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Two U.S. aircraft carriers entered the flashpoint South China Sea for joint operations on Saturday, part of a concerted effort by Washington to reassure allies and partners in the region, and counter Beijing’s moves in the disputed waterway.

The “dual carrier operations” involving the Yokosuka, Kanagawa Prefecture-based USS Ronald Reagan and the USS Nimitz, were confirmed by a spokesman for the Reagan. They come as China conducts its own large-scale military exercises near contested islands that it controls in the South China Sea’s Paracel chain. The Chinese exercises, which began Wednesday, were due to wrap up Sunday. It was not clear where the U.S. operations would take place.

A U.S. Navy spokesman said the carrier operations were being conducted to “support a free and open Indo-Pacific,” but were also likely intended to send a message to both Beijing — which Washington has labeled a “strategic competitor” — and regional partners.

“High-end integrated exercises build unmatched flexibility, endurance, maneuverability, and firepower in an all-domain warfighting environment,” Lt. Cmdr. Sean Brophy, a spokesman for the Reagan Carrier Strike Group, told The Japan Times. “These efforts support enduring U.S. commitments to stand up for the right of all nations to fly, sail, and operate wherever international law allows.”

Brophy said the chance for two carrier strike groups to train and operate together in the region “provides combatant commanders with significant operational flexibility and capabilities that only the U.S. Navy can command.”

The Japan Times reported that the two carriers had conducted joint exercises in the adjacent Philippine Sea last Sunday and that the USS Theodore Roosevelt carrier was also in the area. Analysts have said having three carriers in the Western Pacific is unusual.

According to the Navy, the last time two carriers were in the South China Sea together was September 2014, when the USS George Washington and USS Carl Vinson Carrier Strike Groups operated there and in the East China Sea.

The U.S. military has in recent months grappled with the coronavirus pandemic as it battles to maintain its formidable presence in the Western Pacific, while both reassuring allies and preventing China from capitalizing on any perceived opening.

The Navy has rebounded after cases of COVID-19 were detected on some of its ships, including infections aboard all three carriers, with many of the hard-hit vessels returning to action.

“The purpose is to show an unambiguous signal to our partners and allies that we are committed to regional security and stability,” Rear Adm. George Wikoff was quoted as saying by the Wall Street Journal, which first reported the exercises. The drills also included four other warships and “round-the-clock flights testing the striking ability of carrier-based aircraft,” he added.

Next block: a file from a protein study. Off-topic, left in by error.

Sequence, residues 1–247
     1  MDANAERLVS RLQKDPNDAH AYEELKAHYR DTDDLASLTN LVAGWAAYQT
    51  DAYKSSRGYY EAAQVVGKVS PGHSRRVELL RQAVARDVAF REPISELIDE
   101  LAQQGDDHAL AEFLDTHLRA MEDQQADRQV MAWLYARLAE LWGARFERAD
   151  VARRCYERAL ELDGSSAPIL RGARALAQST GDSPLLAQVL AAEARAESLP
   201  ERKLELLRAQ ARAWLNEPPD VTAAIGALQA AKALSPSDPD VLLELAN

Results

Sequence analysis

The growing focus by the U.S. on reassuring regional allies will add to rising pressure on China, which claims much of the South China Sea, though the Philippines, Vietnam, Malaysia, Taiwan and Brunei also have overlapping claims in the waters.

An F/A-18E Super Hornet launches from the flight deck of the USS Ronald Reagan aircraft carrier in the Philippine Sea on Tuesday night. | U.S. NAVY
An F/A-18E Super Hornet launches from the flight deck of the USS Ronald Reagan aircraft carrier in the Philippine Sea on Tuesday night. | U.S. NAVY

The U.S. military has angered Beijing by regularly holding drills and conducting “freedom of navigation operations” close to and over some of the islands China occupies in the South China Sea, including its man-made islets.

Washington has lambasted Beijing for its assertiveness in the waterway, including the construction of the man-made islands, some of which are home to military-grade airfields and advanced weaponry. The U.S. fears the outposts could be used to restrict free movement in the waterway, which includes vital sea lanes through which about $3 trillion in global trade passes each year.

Although Wikoff said the exercises were not a response to the Chinese drills, the Pentagon delivered a blistering criticism of them just days earlier.

In a statement released Thursday, the Defense Department called the Chinese military exercises “the latest in a long string of PRC actions to assert unlawful maritime claims and disadvantage its Southeast Asian neighbors in the South China Sea.”

PRC is the acronym for China’s formal name, the People’s Republic of China.

Both Vietnam and the Philippines have also criticized the exercises in recent days — moves lauded Friday by U.S. Secretary of State Mike Pompeo.

“America agrees with  our Southeast Asian friends:  The PRC’s military exercise in disputed waters of the South China Sea is highly provocative. We oppose Beijing’s unlawful claims. Period,” Pompeo wrote on Twitter.

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